[ISN] FBI Report: Lax Technology Security Aided Hanssen

From: InfoSec News (isnat_private)
Date: Wed Apr 03 2002 - 23:17:57 PST

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    Wednesday, April 03, 2002
    By Carl Cameron
    WASHINGTON - The FBI is expected this week to issue a scathing report 
    on security problems discovered during an internal review of the 
    Robert Hanssen spy case. 
    The report, to be delivered to Attorney General John Ashcroft by
    Friday, concludes after extensive debriefings with Hanssen that the
    FBI suffers from lax attention to technology and document security and
    has numerous management problems, sources familiar with the report
    told Fox News.
    Former CIA Director William Webster, who is also a former head of the
    FBI, conducted the far-reaching review, and is expected to testify
    before the Senate Judiciary Committee next Tuesday.
    Robert Hanssen was an FBI agent for 25 years, at times highly involved
    in counterintelligence operations, before being arrested as a spy for
    the Soviet Union and Russia. Last July, he pleaded guilty to nearly
    two dozen charges of selling U.S. secrets to the Moscow over 20 years.
    Hanssen has nonetheless been sparring with his debriefers for months,
    and transcripts of the interviews reveal that his knowledge of
    top-secret FBI and CIA operations went well beyond his own "need to
    know" status, sources said.
    Sources said Hanssen appeared to "play with his debriefers" and often
    sought to impress them with the vast amount of intelligence he claims
    to have compromised. Hanssen met with Webster's team four times over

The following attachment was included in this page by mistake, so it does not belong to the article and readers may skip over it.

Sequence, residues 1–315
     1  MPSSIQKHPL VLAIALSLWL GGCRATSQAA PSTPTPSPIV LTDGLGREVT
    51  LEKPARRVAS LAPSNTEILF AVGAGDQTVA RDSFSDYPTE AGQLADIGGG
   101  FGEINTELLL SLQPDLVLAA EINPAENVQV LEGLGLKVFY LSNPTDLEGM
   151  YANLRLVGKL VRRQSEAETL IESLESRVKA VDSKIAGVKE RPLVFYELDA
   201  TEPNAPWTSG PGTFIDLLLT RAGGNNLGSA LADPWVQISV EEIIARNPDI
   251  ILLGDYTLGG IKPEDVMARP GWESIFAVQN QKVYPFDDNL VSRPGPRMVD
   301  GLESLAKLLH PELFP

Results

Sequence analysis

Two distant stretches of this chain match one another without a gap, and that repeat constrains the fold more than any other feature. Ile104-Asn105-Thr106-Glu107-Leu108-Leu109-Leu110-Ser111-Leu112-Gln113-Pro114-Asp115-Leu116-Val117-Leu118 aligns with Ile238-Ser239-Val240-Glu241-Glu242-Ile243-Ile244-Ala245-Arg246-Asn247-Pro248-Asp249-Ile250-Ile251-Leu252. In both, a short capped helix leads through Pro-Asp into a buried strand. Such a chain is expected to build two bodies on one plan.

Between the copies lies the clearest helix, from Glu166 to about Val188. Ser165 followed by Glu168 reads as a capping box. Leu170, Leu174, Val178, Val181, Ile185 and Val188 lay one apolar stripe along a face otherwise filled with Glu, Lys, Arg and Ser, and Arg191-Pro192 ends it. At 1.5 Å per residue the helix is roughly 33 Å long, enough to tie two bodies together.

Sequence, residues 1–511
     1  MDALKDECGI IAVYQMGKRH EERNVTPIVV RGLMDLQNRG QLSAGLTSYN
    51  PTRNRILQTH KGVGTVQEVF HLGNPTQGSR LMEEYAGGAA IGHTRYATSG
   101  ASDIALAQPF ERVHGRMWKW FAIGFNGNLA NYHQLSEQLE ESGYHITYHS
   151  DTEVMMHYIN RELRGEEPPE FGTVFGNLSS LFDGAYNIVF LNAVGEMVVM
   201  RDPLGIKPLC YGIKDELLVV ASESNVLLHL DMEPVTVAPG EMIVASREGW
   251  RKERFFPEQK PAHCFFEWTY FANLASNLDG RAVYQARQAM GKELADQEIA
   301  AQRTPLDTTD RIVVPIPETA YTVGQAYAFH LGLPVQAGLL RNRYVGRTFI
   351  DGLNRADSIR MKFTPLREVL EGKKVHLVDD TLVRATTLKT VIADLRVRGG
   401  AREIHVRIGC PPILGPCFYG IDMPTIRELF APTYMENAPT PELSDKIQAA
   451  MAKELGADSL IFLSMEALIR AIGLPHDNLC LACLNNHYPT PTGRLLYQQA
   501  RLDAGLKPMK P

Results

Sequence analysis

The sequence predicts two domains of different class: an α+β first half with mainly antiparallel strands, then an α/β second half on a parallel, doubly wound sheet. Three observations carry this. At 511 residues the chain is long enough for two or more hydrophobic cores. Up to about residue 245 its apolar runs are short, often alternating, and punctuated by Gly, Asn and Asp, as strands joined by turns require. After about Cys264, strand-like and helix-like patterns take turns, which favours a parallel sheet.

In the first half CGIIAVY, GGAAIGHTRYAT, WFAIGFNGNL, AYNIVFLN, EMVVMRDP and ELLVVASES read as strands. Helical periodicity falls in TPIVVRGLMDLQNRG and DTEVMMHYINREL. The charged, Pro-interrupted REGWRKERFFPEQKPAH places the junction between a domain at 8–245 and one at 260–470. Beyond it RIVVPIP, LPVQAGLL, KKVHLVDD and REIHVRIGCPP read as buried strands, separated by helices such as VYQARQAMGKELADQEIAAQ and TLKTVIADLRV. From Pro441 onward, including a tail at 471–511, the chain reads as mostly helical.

the last year.
    Sources familiar with the Webster report say it will state that:
    * the FBI has failed to resolve long standing internal security
    * FBI computers, networks and encryption standards are outdated and 
      vulnerable to compromise; 
    * FBI records storage and security is inadequate and vulnerable to 
    * FBI management and command and control operations are outdated and 
      malfunctioning; and 
    * FBI morale in the field and management communications are faltering. 
    In October, Fox News was first to report that Hanssen had stolen
    top-secret U.S. law-enforcement software applications, as well as
    handbooks for the Community Online Intelligence Network, used by
    investigators to access various law-enforcement databases.
    Hanssen sold the COIN applications to the Russians, and U.S.  
    intelligence believes that the software was in turn provided to Al
    Qaeda leader Usama bin Laden by Russian organized-crime figures.
    Government officials say the software may enable bin Laden to track
    the international investigation of terror assets and keep his money
    from being seized.
    The United States is not the only nation to use the COIN software.
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